Spiceworks 5.0 Beta Adds New Help Desk Features

Tuesday Aug 17th 2010 by Stuart J. Johnston
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Spiceworks already provides free IT management software, an idea that has proven popular, and now it's upgrading its support for help desk and other network management features.

Spiceworks, a free ad-supported IT management product, announced it is adding new features designed to simplify life for managed service providers (MSP) that need network management features.

High on the list of new capabilities is a major upgrade of its help desk management technology.

The updated package, which entered beta testing earlier this month, is dubbed Spiceworks 5.0, Jay Hallberg, co-founder and vice president of marketing for Austin, Texas-based Spiceworks, told Small Business Computing.

"The new version [5.0] will be fully available in September," Hallberg added.

Spiceworks 5.0 provides additional network management capabilities, including customizable client portals, and a centralized help desk which enables support personnel to view and manage multiple service requests from a single dashboard, the company said in a statement.

"Usually, in the past, I'd have to go out and buy something to do that [help desk management]," Hallberg said.

The package was designed especially for small and mid-sized businesses, with 1,000 or fewer users, Hallberg added.

Launched in 2006, Spiceworks currently claims to have more than a million users in 196 countries, with some 150,000 of them IT service providers. "We now have 1,600 IT professionals from all over the world join every day," Hallberg added.

Help for the Help Desk

The new centralized help desk capability lets MSPs handle service tickets, even from multiple clients, using the same console, according to Spiceworks. A new ticket time-and-billing feature lets personnel track time and money spent on service tickets. The information can also be exported for accounting and invoicing purposes.

Additionally, a customizable client portal capability lets IT staff set up custom user portals as well as individual email aliases for each user. Finally, an executive dashboard lets systems managers administer and monitor help desk activity.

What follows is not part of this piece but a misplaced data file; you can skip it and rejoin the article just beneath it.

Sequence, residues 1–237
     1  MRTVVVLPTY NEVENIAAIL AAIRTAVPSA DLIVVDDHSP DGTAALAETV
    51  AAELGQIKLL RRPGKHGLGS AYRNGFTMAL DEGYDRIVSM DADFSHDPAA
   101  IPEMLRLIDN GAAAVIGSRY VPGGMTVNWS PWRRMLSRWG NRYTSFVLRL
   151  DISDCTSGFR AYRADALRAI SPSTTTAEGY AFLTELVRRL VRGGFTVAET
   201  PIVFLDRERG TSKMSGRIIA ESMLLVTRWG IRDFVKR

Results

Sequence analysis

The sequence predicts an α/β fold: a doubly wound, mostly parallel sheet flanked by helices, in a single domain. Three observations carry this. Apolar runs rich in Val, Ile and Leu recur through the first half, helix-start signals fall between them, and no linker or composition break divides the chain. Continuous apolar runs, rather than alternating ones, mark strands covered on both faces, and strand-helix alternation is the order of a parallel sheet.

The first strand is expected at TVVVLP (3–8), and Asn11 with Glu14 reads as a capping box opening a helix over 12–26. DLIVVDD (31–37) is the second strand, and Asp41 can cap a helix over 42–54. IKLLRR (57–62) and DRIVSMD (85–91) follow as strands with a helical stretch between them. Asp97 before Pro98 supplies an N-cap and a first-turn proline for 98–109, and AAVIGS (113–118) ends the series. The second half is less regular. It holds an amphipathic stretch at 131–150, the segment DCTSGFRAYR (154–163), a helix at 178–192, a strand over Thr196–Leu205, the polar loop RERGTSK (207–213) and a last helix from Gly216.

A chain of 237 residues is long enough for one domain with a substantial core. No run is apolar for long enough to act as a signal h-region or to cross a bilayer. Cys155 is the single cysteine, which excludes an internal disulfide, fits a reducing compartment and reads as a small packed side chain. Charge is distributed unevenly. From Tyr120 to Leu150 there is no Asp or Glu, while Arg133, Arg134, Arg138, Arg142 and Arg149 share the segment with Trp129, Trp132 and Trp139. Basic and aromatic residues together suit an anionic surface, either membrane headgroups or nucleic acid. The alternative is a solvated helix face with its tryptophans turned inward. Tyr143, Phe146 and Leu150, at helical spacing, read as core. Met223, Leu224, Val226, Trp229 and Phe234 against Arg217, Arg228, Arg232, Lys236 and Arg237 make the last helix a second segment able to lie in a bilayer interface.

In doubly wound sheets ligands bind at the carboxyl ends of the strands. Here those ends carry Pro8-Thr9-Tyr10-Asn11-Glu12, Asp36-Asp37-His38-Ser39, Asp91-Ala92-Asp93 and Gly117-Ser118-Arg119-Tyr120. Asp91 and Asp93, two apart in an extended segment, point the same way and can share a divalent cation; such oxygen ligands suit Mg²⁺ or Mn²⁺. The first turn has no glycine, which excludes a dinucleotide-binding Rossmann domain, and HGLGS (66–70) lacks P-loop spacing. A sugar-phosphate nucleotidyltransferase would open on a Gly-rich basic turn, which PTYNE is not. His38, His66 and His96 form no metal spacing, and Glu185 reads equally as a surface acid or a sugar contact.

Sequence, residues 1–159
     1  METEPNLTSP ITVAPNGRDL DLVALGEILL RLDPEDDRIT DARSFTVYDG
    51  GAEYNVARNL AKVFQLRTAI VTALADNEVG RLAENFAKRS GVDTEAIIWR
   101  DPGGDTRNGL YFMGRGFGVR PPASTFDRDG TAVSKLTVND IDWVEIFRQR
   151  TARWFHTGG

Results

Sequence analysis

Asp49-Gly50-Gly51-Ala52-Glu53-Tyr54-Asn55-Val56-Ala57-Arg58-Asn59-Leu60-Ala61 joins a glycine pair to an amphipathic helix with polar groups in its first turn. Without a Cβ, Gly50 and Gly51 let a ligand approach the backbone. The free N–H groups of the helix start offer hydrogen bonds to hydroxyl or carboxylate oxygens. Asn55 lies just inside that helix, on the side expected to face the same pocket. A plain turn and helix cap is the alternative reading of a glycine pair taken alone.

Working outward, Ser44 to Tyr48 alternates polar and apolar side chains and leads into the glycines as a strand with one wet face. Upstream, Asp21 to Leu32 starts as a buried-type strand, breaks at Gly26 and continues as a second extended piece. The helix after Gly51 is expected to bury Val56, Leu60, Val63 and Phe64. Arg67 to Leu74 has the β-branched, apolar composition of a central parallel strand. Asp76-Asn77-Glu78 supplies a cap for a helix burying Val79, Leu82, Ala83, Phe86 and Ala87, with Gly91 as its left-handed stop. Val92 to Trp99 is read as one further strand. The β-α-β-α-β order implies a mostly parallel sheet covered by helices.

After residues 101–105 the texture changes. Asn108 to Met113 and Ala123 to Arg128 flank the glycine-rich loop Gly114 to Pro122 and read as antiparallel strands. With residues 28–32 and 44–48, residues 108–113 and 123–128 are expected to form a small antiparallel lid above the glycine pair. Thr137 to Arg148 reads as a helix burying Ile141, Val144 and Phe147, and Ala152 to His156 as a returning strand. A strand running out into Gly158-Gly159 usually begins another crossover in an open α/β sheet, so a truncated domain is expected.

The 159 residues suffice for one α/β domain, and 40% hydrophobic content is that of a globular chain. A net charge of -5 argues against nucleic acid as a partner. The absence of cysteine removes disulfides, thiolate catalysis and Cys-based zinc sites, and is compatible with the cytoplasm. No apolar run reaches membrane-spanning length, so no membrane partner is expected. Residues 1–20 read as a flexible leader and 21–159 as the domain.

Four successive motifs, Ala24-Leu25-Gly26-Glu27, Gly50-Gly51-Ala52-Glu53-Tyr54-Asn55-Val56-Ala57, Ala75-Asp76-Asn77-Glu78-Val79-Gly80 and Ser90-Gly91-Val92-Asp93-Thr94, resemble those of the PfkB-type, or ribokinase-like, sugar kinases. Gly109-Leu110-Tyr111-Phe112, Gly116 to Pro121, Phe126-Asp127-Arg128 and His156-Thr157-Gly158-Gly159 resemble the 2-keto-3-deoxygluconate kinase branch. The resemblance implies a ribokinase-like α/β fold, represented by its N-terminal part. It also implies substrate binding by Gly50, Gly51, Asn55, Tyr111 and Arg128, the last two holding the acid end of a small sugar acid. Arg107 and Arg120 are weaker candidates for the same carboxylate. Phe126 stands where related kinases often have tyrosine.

Spiceworks uses Microsoft's Active Directory for authentication and SSL (secure sockets layer) for encryption -- the interface supports Internet Explorer, Firefox, Google and Safari browsers. The software runs on a Windows server, Hallberg said.

For a free IT management package, Spiceworks does a lot for both cloud-based and on-premises networks.

It provides network inventory, asset management, software audits, warranty tracking, and virtualization management, according to Spiceworks' site. It also features monitoring of the network, of power management software, and of SQL Server, the site said.

In addition, Spiceworks lets system administrators manage configuration changes, map the network, and troubleshoot network problems, the site said.

Steve Steinke, senior analyst for The 451 Group, a research firm that focuses on enterprise IT, is enthusiastic about Spiceworks 5.0, particularly for small businesses.

"In order to take action when something happens, you need to know what's going on ... this is a non-expensive way to do it," Steinke said. "This basically gives you, in some cases, all that a medium-sized company needs," he added.

Steinke sees Spiceworks primarily as a small business computing product and a fit for some midsized companies. However, he doesn't envision much use on most corporate networks.

"[It will] probably not fit in a big corporate situation, but it might find users in particular organizations [within an enterprise]," Steinke said.

Community, Community, Community

It's not a big surprise, then, that a free product with a following of a million users has a strong community behind it.

"The Spiceworks user community currently supports 35 million workers, manages 60 million computers and devices, and spends over $180 billion annually on technology products and services," the company's statement said.

In fact, Hallberg said, the features added to Spiceworks in version 5.0 were the result of input from users in the community forums.

"We put a forum in the community [where users] can vote on features [other users submitted] -- called 'chili peppers' -- and that becomes our product roadmap," Hallberg added.

"The multi-client centralized help desk was the number one feature requested by our MSP user community," Scott Abel, co-founder and CEO of Spiceworks, said in a company statement. The statement compared Spiceworks' community with popular social networking sites.

The company does, in fact, have a Facebook page for users.

"Spiceworks is enabling 'social IT' by combining network management, network monitoring and help desk software with a rapidly growing and active Facebook-like community of IT professionals," the statement said.

Besides letting users choose what new features will be added to Spiceworks, the company also publishes some of its applications programming interfaces (API) so that users and other vendors can write plugins for the package. A list of available plugins is available on the Extension Center portion of Spiceworks' community site.

The Spiceworks 5.0 beta can be downloaded here.

Stuart J. Johnston is a contributing writer at InternetNews.com, the news service of Internet.com, the network for technology professionals. Follow him on Twitter @stuartj1000.

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